It’s commonly believed by folk in the US that the iPhone was utterly new and without precedent. I think it’s because before the iPhone, smartphones weren’t very popular in the US. Things were different elsewhere in the world, though. In 2005, I had a Sony Ericsson P900, a smartphone launched in 2003. I found it in a closet the other day, and I couldn’t find many screen captures of the P900 software online, so I decided I’d take a few snapshots.
Microsoft has announced its new tenets to “promote competition”, so I thought I’d take a look at them. I wasn’t impressed.
1. Installation of any software. Computer manufacturers and customers are free to add any software to PCs that run Windows.
Translation: “Your computer belongs to you, not us.”
Yes, you’re actually allowed to install any software you like on the computer you build or purchase. It’s hard to believe that Microsoft even have to write this down. That they feel it’s some kind of new principle to apply “going forward” is a shocking admission.
AOL patented Instant Messaging. In 1997. It is hence painfully obvious that the US Patent Office either isn’t concerned with prior art, or lacks anybody with any knowledge of computer systems before 1997. I’m not sure which is more depressing.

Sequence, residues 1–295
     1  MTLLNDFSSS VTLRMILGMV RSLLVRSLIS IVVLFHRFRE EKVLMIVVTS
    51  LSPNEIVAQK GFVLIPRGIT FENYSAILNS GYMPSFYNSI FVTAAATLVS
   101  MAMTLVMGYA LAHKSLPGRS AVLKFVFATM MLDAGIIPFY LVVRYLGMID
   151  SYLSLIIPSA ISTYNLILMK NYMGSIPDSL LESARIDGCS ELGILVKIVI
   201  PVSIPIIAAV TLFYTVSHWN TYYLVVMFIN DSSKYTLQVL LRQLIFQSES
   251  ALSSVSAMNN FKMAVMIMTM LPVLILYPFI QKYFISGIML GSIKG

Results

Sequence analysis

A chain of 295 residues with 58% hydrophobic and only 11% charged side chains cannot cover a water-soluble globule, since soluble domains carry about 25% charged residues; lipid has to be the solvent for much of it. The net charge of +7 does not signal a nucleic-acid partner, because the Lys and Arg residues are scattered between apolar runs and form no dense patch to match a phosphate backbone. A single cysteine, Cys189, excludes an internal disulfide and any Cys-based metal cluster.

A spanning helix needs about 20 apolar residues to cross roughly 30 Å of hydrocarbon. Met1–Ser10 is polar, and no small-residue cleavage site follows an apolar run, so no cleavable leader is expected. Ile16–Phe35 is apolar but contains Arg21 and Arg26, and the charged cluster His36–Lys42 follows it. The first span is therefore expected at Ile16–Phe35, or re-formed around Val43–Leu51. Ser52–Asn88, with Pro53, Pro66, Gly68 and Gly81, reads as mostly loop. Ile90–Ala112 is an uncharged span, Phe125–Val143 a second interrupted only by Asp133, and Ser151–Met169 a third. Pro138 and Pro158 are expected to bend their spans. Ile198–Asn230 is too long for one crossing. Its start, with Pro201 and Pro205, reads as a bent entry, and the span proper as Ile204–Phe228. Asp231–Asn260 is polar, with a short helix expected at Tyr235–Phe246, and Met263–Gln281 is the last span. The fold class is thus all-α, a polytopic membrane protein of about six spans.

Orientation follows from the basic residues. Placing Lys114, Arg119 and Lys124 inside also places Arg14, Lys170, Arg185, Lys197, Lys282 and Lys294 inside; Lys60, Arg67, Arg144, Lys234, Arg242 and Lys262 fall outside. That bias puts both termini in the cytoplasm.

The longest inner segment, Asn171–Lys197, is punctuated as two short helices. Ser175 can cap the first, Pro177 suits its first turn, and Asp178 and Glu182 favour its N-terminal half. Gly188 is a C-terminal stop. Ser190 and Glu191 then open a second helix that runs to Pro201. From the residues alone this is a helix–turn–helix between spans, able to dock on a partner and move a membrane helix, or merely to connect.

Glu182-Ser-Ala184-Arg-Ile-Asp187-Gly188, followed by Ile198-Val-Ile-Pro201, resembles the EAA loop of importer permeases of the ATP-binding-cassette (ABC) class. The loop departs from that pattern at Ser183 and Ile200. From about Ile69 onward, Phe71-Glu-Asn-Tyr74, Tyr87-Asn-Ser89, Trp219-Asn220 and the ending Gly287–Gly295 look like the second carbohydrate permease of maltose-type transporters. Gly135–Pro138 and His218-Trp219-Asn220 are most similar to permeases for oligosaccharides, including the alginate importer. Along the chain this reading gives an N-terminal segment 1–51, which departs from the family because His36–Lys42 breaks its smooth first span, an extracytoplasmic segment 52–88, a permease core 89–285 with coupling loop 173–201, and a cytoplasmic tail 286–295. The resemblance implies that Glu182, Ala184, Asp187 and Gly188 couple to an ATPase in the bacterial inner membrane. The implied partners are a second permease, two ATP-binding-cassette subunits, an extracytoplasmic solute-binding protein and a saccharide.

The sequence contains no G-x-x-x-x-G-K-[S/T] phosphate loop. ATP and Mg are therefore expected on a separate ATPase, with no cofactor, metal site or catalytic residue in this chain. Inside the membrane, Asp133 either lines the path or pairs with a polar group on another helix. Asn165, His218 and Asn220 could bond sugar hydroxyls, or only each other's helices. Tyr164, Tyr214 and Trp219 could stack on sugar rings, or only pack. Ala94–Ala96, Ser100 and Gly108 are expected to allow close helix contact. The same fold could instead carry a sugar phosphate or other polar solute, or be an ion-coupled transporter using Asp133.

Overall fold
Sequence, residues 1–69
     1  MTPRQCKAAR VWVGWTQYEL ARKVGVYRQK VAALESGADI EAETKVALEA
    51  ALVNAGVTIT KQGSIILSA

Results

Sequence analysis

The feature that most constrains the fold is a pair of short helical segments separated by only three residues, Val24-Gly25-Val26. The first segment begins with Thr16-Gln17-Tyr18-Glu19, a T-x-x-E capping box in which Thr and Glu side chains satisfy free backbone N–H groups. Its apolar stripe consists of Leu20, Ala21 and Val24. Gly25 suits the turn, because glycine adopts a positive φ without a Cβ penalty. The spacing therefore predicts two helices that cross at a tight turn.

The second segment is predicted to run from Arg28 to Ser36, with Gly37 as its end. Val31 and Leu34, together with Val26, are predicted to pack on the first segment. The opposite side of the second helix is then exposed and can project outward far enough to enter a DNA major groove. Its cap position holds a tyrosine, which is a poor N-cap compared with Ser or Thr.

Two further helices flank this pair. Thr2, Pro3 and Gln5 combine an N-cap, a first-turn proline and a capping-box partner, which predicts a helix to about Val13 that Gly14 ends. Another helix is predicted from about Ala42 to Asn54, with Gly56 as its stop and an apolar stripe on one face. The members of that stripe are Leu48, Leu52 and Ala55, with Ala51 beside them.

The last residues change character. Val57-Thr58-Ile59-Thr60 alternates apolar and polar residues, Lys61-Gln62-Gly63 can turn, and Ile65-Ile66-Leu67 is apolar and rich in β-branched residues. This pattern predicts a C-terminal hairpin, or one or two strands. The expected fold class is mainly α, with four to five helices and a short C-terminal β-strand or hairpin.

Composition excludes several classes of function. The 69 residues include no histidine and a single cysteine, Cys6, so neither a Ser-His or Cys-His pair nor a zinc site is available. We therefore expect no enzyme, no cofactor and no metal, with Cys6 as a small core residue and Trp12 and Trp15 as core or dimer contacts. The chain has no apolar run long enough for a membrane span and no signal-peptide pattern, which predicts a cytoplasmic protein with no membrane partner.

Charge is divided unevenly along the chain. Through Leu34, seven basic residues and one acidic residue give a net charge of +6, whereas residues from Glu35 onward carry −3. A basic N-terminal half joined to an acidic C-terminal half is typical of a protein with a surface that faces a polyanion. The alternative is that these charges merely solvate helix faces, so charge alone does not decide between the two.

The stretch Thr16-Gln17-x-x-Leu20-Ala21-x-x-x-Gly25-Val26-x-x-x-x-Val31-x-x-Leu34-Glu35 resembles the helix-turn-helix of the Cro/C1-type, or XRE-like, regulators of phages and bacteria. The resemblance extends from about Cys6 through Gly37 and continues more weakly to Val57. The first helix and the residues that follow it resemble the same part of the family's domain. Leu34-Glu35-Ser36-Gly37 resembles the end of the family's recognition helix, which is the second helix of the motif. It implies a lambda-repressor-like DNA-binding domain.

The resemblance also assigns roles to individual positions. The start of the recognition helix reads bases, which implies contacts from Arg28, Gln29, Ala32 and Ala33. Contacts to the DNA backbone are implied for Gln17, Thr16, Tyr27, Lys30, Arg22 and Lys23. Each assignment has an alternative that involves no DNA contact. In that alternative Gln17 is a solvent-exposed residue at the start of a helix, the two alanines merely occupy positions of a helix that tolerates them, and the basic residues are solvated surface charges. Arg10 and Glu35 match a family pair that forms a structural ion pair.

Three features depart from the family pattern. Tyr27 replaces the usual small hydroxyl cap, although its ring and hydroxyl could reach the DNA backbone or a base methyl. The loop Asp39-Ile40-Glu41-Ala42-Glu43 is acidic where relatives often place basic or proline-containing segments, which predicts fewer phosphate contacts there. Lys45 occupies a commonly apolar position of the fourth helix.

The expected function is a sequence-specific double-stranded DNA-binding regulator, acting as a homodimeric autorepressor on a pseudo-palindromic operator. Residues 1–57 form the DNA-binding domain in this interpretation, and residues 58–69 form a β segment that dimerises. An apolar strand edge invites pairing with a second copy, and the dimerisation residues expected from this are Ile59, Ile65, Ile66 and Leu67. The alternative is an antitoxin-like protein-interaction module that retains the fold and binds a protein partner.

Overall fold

A while back, Adobe sued Macromedia for patent infringement. Adobe had a software patent on customizable tabbed palettes. Macromedia responded by countersuing Adobe for using some stuff they had patented, including blended colors and visual editing of waveforms. Adobe won their lawsuit, and got a judgement of $2.4m. Bet they thought they were pretty smart, huh? Well today, Macromedia won the countersuit, and got a judgement of $4.9m. Bwahaha. Macromedia’s Fireworks quickly surpassed PhotoShop for creation of web graphics.
Microsoft has announced new licensing terms. It says that from now on, all companies that want to license Windows will have to guarantee not to sue Microsoft for patent violation. In other words, if you want to ship Windows, you have to hand all your patented technologies to Microsoft for free.